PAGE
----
Mann’s nominator lauded her commitment to student success, evidenced by the robust information literacy program she leads. Of particular note is her success in providing information literacy instruction through the UMUC distance education program. Not only has she created engaging online tutorials and linked instruction modules with the UMUC course management system, but also conducts synchronous instruction sessions using Web conferencing. Her work serves as a model for other programs nationally and internationally.

Eaton named Marta Lange/CQ Press Award winner

John Eaton, law librarian and associate professor at the E. K. Williams Law Library of the University of Manitoba, has been awarded the ACRL Law and Political Science Section (LPSS) Marta Lange/CQ Press Award. The award, established in 1996 by LPSS, honors an academic or law librarian who has made distinguished contributions to bibliography and information service in law or political science.


John Eaton. Photograph by J. Chlopecki.

CQ Press, sponsor of the award, will present the $1,000 award and plaque to Eaton during the ALA Annual Conference.

“John Eaton’s accomplishments to service and scholarship in law librarianship are exemplary,” said award chair Nadine R. Hoffman, natural resources, energy and environmental law librarian at the University of Calgary. “In particular, we recognize his dedication to the Canadian Association of Law Libraries/Association Canadienne des Bibliothèques de Droit in a variety of capacities, including president. The most notable scholarly work includes two recent legal bibliography monographs serving new and experienced researchers in the structure of legal research for Canada and the United Kingdom.”

Excellence in Academic Libraries Award winners announced

ACRL’s Excellence in Academic Libraries Award winners are the Seattle Central Community College (SCCC) Library; the Champlain College Library in Burlington, Vermont and the Grand Valley State University (GVSU) Libraries in Allendale, Michigan. Sponsored by ACRL and YBP Library Services, the award recognizes the staff of a college, university, and community college library for programs that deliver exemplary services and resources to further the educational mission of the institution.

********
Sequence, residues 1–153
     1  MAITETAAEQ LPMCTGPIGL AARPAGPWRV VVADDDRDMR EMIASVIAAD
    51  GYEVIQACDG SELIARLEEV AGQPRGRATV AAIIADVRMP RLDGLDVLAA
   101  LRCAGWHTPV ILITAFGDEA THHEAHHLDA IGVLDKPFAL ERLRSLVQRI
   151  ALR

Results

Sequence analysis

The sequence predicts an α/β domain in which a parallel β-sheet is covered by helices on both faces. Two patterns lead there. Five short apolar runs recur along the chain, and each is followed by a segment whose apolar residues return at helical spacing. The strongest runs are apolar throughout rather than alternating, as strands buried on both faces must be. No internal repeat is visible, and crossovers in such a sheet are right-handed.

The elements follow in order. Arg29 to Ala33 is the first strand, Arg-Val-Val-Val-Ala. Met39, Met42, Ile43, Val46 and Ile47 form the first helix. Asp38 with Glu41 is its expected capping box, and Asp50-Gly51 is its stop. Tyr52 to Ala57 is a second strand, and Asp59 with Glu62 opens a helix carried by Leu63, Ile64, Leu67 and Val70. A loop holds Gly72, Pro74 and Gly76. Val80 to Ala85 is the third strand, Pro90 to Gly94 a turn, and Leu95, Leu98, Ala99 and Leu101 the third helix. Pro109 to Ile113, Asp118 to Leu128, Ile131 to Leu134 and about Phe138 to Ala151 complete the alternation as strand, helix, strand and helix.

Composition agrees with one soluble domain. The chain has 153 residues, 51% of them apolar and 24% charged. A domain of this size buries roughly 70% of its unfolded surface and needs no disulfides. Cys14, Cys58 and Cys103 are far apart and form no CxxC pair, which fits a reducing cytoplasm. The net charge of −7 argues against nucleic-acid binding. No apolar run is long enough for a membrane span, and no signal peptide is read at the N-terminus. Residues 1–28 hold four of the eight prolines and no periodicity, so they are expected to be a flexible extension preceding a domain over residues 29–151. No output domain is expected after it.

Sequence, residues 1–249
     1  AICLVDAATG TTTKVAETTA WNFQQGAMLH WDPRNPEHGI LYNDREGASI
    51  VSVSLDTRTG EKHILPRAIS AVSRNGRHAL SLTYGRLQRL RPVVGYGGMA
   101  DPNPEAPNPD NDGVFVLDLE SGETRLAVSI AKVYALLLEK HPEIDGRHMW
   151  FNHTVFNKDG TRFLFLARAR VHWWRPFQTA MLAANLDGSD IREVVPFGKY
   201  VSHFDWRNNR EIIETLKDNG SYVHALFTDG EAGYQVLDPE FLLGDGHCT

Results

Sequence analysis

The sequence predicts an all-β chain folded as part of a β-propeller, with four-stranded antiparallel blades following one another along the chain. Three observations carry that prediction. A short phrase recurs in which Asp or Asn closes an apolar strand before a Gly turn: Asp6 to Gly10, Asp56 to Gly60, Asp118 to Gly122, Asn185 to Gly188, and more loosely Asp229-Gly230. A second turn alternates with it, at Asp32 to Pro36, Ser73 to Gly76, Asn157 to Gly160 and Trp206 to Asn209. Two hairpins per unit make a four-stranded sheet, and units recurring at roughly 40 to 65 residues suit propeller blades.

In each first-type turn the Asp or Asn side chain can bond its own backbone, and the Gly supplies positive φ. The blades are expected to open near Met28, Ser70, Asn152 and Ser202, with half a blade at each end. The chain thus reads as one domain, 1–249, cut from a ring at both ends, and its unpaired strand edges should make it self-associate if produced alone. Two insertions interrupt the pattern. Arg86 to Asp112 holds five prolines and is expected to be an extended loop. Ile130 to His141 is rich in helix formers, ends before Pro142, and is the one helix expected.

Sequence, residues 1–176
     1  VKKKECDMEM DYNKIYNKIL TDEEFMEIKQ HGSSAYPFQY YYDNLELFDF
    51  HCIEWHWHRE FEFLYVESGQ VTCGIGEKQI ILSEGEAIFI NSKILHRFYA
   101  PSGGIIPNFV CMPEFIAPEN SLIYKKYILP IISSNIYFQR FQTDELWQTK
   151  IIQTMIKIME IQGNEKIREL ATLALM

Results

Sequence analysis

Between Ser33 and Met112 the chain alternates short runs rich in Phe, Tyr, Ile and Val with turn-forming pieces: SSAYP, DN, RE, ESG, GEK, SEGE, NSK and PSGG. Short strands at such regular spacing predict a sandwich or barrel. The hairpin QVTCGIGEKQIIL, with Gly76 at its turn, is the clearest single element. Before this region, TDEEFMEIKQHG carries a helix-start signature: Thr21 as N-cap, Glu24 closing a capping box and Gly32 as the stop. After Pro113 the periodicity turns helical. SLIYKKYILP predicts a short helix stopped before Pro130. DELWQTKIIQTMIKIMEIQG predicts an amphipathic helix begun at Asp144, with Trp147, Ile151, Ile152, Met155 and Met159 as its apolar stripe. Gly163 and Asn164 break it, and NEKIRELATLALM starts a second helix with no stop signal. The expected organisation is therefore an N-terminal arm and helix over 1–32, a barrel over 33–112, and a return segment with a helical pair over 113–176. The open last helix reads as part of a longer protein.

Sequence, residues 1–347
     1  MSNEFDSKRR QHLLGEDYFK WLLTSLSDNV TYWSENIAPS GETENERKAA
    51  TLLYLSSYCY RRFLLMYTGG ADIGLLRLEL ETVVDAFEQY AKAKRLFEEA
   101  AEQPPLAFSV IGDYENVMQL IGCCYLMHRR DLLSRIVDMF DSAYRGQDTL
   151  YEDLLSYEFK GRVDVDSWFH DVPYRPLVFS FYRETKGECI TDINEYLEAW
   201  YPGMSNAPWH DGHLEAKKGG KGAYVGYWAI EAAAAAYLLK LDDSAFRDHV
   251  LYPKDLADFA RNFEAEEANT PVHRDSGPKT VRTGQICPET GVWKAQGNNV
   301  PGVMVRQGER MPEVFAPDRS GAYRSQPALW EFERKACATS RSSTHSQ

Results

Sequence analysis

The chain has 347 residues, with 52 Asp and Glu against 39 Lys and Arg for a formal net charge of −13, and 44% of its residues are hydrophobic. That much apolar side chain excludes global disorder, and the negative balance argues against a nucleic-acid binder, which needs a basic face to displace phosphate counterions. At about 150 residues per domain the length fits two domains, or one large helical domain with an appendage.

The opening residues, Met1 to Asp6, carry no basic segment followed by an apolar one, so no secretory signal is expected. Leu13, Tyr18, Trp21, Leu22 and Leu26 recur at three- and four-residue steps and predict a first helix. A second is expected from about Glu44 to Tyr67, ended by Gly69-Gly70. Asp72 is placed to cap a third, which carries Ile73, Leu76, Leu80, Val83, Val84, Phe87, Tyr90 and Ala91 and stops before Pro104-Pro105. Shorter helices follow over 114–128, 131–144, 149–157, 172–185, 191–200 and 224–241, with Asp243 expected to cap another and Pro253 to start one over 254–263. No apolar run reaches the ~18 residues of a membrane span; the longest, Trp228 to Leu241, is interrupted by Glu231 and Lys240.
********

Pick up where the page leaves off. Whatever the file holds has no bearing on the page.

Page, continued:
Staff of the Seattle Central Community College Library.

“This year’s award recipients exemplify the commitment of today’s academic and research librarians to providing quality, innovative student learning experiences,” said ACRL Executive Director Mary Ellen K. Davis. “Receiving an Excellence in Academic Libraries Award is a national tribute to each library and its staff for outstanding services, programs and leadership.”

The Seattle Central Community College Library, winner in the community college category, was chosen for its team support for student learning through innovative information literacy offerings.

“The award committee was impressed with SCCC’s online course, Research for the 21st Century, which is now part of the state’s online learning consortium, Washington Online,” said Lori Goetsch, chair of the Excellence in Academic Libraries Committee and dean of libraries at Kansas State University. “Recognizing that community college students are often juggling busy schedules between school and work, they are making innovative use of the campus courseware system to provide ‘Info in Action’ one-credit courses that allow students to take advantage of information literacy instruction in smaller segments.”